Administrators were appointed after the private companies of News Corp co-chairman Murdoch and regional TV boss Bruce Gordon declined to extend support for a debt facility past 2017, the network said in a statement.
Sydney-based Ten said the unusual move would help it re-negotiate costly content licensing fees with U.S. production studios like CBS Corp, and added that its directors "regret very much that these circumstances have come to pass".
Murdoch and Gordon had "agreed to work together exclusively to facilitate the potential formulation, negotiation and implementation of a restructure proposal", they said in a regulatory filing to the Australian Securities Exchange.
Murdoch and Gordon, who jointly control about 22 percent of Ten's shares, had not yet agreed on terms of that proposal, it added.
Administrators Mark Korda, Jenny Nettleton and Jarrod Villani, from KordaMentha, said in a statement they were "confident that the network is an attractive asset which will find a buyer or will be capitalised".
They did not name a potential buyer.
Pay-TV company Foxtel, which owns 14 percent of Ten, has long been touted as its most likely buyer, although that would be stopped by current media ownership restrictions. Foxtel declined comment.
Broadcasters and Ten in particular have suffered large losses as advertisers follow viewers onto streaming services like Netflix and Amazon.com Inc's Amazon Prime.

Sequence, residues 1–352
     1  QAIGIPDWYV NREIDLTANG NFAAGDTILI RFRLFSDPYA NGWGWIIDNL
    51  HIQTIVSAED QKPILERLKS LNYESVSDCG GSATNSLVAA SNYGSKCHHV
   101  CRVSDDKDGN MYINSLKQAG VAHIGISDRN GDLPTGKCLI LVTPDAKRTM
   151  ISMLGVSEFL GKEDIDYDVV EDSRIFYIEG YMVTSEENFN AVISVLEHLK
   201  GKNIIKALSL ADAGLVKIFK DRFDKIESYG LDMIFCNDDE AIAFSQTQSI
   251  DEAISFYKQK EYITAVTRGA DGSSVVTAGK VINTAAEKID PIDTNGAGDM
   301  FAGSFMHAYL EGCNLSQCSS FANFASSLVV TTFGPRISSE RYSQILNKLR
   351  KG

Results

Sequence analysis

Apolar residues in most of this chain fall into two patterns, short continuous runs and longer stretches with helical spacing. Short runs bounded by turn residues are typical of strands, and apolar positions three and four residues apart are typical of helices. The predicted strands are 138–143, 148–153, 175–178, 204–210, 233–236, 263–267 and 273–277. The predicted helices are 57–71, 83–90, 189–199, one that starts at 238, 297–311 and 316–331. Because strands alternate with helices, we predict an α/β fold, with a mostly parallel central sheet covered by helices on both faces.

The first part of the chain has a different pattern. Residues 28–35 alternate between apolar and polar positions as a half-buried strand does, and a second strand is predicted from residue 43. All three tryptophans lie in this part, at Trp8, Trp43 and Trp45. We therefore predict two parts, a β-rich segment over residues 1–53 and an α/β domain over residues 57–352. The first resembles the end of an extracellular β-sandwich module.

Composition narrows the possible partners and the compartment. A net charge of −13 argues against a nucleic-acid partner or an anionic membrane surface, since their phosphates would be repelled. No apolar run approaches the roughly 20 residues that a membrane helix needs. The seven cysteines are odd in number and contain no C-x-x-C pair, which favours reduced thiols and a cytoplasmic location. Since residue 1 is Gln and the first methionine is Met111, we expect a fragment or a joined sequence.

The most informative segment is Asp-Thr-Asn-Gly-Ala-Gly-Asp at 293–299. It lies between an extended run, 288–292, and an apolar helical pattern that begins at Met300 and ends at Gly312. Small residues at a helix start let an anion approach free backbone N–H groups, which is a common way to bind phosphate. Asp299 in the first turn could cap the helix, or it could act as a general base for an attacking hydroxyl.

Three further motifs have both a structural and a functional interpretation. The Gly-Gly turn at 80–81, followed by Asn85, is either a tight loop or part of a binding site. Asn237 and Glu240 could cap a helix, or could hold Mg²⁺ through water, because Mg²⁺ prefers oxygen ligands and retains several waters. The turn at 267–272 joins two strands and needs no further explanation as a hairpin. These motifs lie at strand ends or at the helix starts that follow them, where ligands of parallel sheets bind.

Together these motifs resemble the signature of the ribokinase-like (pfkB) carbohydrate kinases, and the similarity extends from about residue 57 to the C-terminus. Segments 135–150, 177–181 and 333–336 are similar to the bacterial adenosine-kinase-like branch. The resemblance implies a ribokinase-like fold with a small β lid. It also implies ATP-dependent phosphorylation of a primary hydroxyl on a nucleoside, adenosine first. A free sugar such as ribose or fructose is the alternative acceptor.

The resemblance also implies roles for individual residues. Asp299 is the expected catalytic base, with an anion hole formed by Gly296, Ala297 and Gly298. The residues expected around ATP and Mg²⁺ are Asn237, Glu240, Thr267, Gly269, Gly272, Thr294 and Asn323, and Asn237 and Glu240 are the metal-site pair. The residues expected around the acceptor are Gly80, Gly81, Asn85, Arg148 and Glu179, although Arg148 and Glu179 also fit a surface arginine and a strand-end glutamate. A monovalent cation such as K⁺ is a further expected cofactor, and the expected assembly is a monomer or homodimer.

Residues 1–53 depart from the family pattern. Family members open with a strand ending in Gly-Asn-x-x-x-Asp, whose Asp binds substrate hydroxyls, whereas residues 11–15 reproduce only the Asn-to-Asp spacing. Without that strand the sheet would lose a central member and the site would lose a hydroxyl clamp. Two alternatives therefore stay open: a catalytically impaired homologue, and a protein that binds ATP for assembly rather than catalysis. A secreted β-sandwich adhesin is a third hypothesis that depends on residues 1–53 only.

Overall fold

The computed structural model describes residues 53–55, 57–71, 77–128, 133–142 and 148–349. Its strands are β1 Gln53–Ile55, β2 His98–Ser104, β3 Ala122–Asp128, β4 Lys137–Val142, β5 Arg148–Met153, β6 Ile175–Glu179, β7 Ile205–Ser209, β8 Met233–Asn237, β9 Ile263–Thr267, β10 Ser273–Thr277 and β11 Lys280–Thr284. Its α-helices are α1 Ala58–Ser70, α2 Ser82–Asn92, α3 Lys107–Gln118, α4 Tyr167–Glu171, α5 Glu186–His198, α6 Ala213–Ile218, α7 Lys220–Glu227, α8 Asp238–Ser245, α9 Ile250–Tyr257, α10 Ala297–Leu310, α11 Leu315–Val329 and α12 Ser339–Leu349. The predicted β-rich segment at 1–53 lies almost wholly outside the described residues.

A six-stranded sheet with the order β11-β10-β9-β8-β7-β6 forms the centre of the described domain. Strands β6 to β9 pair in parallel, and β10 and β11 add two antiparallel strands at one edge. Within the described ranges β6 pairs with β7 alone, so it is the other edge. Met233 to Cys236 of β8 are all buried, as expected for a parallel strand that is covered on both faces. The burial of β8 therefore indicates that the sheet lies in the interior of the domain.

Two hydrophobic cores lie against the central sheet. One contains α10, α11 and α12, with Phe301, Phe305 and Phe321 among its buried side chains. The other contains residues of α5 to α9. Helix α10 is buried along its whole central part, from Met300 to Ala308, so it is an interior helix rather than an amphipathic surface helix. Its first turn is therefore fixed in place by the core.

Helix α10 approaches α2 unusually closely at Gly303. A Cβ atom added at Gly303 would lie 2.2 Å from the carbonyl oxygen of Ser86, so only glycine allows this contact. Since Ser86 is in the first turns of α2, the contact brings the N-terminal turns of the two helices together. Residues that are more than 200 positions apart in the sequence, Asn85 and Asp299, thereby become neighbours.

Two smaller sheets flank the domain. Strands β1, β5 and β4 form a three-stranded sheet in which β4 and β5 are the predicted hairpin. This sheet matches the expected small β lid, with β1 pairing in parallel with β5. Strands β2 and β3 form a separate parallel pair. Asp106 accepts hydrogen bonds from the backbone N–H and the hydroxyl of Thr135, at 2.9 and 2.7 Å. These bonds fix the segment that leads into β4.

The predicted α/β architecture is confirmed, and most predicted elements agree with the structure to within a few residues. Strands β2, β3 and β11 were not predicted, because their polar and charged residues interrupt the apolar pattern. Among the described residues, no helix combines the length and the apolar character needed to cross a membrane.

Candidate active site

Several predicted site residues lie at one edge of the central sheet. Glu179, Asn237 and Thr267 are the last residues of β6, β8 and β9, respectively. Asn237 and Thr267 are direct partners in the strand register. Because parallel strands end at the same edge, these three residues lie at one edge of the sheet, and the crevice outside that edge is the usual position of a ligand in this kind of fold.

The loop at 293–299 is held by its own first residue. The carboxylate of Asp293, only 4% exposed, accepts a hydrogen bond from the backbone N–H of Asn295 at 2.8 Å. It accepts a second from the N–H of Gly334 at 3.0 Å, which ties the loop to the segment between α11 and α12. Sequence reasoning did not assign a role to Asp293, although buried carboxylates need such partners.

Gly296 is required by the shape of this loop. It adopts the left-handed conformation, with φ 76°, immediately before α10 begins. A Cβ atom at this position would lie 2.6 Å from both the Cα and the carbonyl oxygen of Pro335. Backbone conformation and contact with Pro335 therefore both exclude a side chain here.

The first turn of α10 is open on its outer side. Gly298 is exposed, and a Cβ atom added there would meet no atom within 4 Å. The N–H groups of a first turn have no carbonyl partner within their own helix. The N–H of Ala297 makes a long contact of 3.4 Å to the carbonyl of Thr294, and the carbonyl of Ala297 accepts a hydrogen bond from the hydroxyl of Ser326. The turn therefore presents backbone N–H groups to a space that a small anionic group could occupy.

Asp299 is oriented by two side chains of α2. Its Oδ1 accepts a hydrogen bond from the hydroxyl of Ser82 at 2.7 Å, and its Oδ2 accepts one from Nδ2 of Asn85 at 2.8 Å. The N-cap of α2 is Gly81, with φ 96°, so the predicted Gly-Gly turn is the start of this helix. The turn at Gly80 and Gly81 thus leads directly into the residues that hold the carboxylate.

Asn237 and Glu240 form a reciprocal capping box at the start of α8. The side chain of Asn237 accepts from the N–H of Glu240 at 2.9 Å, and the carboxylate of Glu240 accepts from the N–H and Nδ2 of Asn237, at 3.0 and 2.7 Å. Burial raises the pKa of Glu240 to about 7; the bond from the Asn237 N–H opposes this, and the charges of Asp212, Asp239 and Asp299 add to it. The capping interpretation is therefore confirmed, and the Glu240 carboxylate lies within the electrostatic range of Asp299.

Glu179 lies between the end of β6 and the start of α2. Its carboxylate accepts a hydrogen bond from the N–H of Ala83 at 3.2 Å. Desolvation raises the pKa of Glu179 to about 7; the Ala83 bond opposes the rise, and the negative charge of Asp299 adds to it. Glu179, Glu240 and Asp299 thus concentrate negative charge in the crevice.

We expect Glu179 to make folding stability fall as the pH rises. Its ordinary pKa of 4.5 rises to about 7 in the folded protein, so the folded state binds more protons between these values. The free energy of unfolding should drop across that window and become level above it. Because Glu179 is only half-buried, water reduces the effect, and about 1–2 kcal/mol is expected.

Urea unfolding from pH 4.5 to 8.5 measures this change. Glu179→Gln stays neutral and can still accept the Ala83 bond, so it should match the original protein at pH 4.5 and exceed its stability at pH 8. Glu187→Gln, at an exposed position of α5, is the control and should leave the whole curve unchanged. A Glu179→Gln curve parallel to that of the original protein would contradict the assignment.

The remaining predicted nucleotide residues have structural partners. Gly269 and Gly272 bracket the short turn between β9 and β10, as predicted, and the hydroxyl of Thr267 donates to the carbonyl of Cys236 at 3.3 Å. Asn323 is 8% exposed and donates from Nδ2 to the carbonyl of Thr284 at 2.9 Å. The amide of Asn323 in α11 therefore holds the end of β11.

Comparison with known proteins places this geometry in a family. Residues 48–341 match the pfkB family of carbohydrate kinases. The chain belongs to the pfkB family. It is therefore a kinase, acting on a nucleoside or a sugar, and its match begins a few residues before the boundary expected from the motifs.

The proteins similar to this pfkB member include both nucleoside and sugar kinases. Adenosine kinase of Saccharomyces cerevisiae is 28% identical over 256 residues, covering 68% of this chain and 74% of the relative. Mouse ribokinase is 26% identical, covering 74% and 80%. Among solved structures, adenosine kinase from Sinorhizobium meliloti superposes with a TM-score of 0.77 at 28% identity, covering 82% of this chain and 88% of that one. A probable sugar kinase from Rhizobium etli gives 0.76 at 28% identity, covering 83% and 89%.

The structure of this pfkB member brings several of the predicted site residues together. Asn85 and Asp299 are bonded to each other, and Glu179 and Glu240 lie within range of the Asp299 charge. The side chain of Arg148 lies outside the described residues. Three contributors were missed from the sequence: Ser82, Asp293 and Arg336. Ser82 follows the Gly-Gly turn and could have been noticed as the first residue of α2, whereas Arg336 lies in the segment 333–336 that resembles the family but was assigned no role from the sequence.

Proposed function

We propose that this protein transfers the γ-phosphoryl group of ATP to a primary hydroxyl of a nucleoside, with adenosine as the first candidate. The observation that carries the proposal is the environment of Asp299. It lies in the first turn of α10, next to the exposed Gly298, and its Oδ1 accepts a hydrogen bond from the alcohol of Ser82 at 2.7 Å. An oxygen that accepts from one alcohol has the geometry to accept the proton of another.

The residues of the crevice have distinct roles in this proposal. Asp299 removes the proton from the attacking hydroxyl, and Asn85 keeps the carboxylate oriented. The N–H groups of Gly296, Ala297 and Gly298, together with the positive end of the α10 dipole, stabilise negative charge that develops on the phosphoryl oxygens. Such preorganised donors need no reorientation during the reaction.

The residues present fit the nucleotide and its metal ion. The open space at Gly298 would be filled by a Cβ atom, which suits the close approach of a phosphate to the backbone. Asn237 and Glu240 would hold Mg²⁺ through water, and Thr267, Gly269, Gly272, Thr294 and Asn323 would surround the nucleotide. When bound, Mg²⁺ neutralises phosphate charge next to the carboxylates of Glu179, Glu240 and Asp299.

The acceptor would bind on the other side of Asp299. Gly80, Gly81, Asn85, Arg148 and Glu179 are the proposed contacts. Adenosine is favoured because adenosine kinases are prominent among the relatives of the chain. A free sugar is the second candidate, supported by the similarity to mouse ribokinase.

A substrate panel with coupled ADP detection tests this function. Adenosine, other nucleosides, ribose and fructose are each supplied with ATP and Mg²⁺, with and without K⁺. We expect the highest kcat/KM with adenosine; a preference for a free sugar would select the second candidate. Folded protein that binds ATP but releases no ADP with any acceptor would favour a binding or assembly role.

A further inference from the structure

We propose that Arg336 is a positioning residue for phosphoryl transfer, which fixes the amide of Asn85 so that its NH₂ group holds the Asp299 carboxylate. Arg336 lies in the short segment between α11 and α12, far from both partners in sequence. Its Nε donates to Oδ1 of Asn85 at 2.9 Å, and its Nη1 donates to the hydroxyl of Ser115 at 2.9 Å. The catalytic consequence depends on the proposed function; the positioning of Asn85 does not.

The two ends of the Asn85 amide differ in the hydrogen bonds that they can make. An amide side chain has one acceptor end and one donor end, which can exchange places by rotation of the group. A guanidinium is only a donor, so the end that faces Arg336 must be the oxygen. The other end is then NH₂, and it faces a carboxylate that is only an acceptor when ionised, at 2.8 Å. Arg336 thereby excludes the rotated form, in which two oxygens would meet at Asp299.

Ten said it has already agreed, on an informal basis, to new licensing deals with CBS and Twenty-First Century Fox Inc which would halve its future liabilities while still allowing it access to those studios' productions over the medium term.
As well as its reality television-heavy programming, the perpetual ratings laggard uses content deals with those U.S. studios to air shows such as NCIS and CSI: Crime Scene Investigation.
Ten's predicament adds to pressure on the government to deregulate media ownership and make it easier for traditional media companies to buy each other. Bills to that effect are to be tabled in parliament on Thursday, and face opposition over concerns about diversity in an already concentrated market.
A takeover by Murdoch or Gordon may face regulatory hurdles under the country's current media ownership laws.
"The Ten Network should be a wake-up call for opponents of media reform," Federal Communications Minister Mitch Fifield told reporters.
Ten said part of Fifield's package, a reduction in television licence fees, would cut overheads.
The Australian Securities Exchange suspended Ten shares indefinitely.
The stock last traded on Friday at 16 cents, having closed at A$2.56 two years earlier.
(Reporting by Byron Kaye and Jamie Freed in Sydney and Ambar Warrick in Bengaluru; Editing by Stephen Coates)
By Byron Kaye and Jamie Freed